The UK’s December 2020 national risk assessment on money laundering and terrorist financing, published by HM Treasury, devotes more attention to the risk of TBML than the previous assessment, published in 2017.

“There is growing concern about the criminal infiltration of legitimate supply chains not reliant on any form of misrepresentation of price, quantity or quality of goods,” the 2020 document says. “This emerging risk creates even greater challenges in successfully detecting TBML.”

It highlights trade in used cars, clothing, construction, gold, pharmaceuticals and textiles as common products that are used as “cover” for financial crime.

The 2017 risk assessment pointed out that criminals have used TBML in trade and financial flows between the UK and Pakistan, one of the countries singled out by trade secretary Liz Truss as a beneficiary of the proposed DCTS scheme.

DIT’s consultation on DCTS does not canvass financial crime risks but proposes that a country’s participation in the scheme can be “varied or suspended” if it “has engaged or is engaging in serious and systematic violations of the principles of international conventions on anti-terrorism and money laundering to which the United Kingdom is a party”.

The consultation proposes trimming tariffs for lower and middle-income countries and simplifying rules of origin requirements for least-developed countries, which already enjoy tariff-free access.

Neil Chantry, a specialist consultant and former HSBC global trade and compliance executive, says Brexit has not changed the UK’s TBML risks, which he describes as poorly understood by most wealthy countries as well as poorer nations.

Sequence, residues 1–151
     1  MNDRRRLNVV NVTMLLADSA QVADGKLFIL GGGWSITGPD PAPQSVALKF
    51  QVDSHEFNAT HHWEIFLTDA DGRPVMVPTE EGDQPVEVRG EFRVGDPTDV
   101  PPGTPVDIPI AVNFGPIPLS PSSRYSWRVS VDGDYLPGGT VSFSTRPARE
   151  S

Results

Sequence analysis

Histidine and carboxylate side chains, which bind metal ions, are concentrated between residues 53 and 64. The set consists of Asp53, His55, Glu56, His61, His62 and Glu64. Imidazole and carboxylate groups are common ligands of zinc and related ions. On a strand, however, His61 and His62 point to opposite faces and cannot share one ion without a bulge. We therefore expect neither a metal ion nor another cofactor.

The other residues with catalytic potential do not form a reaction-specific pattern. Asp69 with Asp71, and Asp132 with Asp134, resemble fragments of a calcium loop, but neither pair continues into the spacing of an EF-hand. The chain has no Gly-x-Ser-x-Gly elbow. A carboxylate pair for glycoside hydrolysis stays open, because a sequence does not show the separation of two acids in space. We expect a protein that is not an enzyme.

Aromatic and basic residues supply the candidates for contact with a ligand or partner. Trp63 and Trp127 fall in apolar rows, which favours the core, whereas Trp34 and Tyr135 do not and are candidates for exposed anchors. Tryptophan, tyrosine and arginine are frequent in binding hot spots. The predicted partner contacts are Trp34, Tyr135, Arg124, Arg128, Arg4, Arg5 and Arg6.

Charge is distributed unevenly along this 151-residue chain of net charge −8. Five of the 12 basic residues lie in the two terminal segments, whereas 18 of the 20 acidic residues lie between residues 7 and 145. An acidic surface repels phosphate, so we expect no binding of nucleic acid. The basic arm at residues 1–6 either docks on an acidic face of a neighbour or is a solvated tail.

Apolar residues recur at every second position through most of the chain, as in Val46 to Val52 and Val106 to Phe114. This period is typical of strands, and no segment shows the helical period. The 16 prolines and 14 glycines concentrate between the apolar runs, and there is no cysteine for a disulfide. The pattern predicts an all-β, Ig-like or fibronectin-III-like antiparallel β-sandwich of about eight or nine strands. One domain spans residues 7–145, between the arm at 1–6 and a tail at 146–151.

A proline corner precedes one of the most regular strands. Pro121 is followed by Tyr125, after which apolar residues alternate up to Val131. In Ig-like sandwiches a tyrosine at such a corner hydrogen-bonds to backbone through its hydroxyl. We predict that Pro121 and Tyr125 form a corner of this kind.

“The awareness of TBML is lacking from policymakers right through the enforcement agencies. Only a few specialists are aware and doing the best they can,” he tells GTR. “The Financial Conduct Authority is aware; however, the expectations often exceed the capabilities of the financial institutions with the exception of a few of the largest multinational banks.”

Banks also face further compliance headaches if the UK government proceeds with plans to set up free port zones, experts have previously told GTR.

Marzouk says the UK should consider the creation of a transaction monitoring utility in which banks pool information to detect illicit activity that would not be visible by individual institutions. Several Scandinavian banks launched such a utility in 2019, followed by a group of Dutch lenders last year.

For such efforts to work, Chantry says better and standardised data reporting and analysis on TBML is needed.

“No regulator or enforcement agency has the correct suspicious activity reporting systems for the reporting of the important data to be able to triage reports and collate and determine patterns.

“This is also true of many financial institutions, especially small and medium-sized banks and ones that specialise in trade finance.”